So last Friday the kill traps went back up. UVM has killed at least one of the beavers so far, and another one went missing since last Thursday (with finishing up grading I haven't been able to spend as much time out there, so there very well could still be three left, but I was only been able to see/hear 2 last night; all the time spent grading means that this footage is all old). I'm not universally opposed to trapping, I just think in this case it's being done irresponsibly (ecologically and in terms of the community perspective), in a short-sighted way, and as a result of prior ineptitude.
UVM Grounds won't respond to my questions about the process involved or why it's so imperative to kill them - an unfortunate lack of transparency - so I'll speculate based on personal observation and what I've heard second hand. From what I gather the beavers have to go because part of the requirement for managing the retention pond (built as a mitigation for paving the parking lot next to the Centennial Field) includes monitoring and managing for both water quality and water height. Apparently they have to check these every month to meet legal obligations. Water height is an easy one, but I would assume they're either not doing it regularly or doing it poorly as the beavers have been there for 4.5 out of the last 7 months (a 2 month stretch from June to late July, and again from late September until now). Most of that time the water has been about 4' higher than normal.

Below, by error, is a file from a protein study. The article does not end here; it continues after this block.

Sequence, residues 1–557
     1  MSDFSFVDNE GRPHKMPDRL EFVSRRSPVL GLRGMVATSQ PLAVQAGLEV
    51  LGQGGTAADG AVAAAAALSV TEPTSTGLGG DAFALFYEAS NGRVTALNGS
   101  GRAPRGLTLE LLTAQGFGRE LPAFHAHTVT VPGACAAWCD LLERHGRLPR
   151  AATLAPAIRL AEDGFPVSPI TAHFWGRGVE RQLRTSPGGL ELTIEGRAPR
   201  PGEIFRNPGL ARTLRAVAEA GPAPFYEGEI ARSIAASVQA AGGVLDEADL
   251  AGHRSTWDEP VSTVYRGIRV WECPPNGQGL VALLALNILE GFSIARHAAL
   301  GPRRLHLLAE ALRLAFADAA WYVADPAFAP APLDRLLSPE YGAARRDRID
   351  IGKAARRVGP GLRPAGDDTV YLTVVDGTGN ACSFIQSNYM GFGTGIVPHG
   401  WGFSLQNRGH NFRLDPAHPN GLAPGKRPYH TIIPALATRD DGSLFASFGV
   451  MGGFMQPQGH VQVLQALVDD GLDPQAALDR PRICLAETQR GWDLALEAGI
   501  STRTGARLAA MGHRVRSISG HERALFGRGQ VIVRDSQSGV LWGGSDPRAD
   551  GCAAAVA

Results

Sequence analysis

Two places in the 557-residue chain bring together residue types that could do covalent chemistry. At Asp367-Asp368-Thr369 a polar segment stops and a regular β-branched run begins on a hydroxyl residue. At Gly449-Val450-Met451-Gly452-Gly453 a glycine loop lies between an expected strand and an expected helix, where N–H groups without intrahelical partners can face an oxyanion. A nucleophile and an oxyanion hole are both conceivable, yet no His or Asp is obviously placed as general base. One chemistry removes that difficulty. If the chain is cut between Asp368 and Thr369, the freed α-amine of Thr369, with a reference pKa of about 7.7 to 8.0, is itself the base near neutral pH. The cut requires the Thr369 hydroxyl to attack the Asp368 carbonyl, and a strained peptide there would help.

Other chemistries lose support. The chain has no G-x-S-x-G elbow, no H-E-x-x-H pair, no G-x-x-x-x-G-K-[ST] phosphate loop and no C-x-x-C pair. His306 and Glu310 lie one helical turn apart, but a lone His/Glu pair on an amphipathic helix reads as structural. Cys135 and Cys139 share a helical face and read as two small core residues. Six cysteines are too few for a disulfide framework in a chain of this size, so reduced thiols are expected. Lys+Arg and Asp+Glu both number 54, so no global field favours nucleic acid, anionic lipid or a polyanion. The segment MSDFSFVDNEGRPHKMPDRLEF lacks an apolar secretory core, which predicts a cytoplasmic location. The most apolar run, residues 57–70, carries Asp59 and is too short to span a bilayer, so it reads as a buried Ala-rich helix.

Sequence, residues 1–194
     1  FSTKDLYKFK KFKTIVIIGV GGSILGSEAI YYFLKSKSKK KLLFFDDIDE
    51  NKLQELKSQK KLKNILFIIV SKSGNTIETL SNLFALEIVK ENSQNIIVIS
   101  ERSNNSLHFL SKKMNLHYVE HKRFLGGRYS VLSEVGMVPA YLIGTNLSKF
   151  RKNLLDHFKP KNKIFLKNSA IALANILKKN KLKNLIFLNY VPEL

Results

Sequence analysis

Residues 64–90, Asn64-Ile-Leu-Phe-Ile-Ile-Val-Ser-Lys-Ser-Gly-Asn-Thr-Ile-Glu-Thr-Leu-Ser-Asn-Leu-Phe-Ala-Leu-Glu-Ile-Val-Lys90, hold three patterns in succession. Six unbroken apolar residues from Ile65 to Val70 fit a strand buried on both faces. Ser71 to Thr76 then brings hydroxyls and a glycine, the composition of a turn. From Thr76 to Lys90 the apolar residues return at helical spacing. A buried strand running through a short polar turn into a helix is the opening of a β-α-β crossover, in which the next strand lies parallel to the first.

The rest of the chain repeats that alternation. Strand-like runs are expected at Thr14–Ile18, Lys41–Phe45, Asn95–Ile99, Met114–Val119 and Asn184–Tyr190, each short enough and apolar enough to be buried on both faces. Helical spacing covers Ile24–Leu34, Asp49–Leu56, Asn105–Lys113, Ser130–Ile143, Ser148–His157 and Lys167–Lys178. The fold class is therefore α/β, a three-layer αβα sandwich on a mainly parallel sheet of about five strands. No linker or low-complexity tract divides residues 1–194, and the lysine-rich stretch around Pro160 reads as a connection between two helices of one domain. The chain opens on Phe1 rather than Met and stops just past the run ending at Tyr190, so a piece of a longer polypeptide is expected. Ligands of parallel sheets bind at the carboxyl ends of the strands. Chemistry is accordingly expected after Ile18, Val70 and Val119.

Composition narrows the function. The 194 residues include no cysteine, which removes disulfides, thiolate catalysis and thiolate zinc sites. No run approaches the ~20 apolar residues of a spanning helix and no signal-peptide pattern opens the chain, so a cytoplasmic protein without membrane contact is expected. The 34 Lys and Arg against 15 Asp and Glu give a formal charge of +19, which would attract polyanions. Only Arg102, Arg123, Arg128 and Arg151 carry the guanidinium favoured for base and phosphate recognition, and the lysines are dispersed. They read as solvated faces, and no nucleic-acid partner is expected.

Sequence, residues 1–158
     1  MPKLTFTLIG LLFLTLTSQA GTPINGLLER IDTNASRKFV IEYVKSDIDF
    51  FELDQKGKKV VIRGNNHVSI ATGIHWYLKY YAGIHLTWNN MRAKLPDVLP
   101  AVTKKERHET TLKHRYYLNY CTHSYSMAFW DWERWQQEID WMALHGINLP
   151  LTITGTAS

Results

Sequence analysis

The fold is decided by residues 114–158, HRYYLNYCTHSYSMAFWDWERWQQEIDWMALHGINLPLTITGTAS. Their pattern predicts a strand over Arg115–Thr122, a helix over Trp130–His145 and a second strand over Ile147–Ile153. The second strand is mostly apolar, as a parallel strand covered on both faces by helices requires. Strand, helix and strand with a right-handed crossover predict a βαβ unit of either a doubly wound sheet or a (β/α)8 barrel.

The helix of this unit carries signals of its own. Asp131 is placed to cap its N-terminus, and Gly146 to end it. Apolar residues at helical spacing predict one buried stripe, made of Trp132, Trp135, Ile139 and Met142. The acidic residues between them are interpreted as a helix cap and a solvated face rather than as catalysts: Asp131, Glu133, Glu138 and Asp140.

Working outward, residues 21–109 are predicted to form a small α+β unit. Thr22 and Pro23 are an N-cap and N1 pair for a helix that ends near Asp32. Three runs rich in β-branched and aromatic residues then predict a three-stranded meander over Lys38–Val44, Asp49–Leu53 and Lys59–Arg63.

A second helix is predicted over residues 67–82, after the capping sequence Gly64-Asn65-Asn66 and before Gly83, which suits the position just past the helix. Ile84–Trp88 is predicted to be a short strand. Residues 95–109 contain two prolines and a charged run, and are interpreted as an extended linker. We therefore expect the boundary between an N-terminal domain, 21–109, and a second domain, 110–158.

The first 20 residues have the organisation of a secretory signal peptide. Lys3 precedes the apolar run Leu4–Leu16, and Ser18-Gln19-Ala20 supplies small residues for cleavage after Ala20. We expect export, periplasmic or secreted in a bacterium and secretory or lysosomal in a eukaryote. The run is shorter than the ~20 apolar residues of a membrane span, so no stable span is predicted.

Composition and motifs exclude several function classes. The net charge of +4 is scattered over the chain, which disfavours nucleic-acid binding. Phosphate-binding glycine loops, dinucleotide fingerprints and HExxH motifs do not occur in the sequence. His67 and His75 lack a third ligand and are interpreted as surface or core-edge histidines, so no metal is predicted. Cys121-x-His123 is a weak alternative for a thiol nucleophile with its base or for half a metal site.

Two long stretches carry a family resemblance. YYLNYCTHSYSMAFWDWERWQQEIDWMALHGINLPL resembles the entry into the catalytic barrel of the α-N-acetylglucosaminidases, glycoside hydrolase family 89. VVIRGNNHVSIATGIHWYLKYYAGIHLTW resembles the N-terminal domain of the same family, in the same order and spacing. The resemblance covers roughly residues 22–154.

As for pollution, I don't know how beavers being there would make any difference or what kind of pollution they'd be measuring (biological or chemical). It's not like any of the vegetation is doing any biofiltering of anything this time of year. And the volume of water flowing out should be the same as if the water were 5' lower. Beavers don't really carry rabies and there's never been a rodent-to-human infection, not that that should be a concern (if it was they'd probably want to do something about the raccoon population.
|Beaver scat! A rare site! Basically it's just saw dust. This is from Mill Pond|
Where: Retention pond under powerlines in Centennial Woods
|The amazing capacity of beech to stump sprout. Look at all those latent buds!|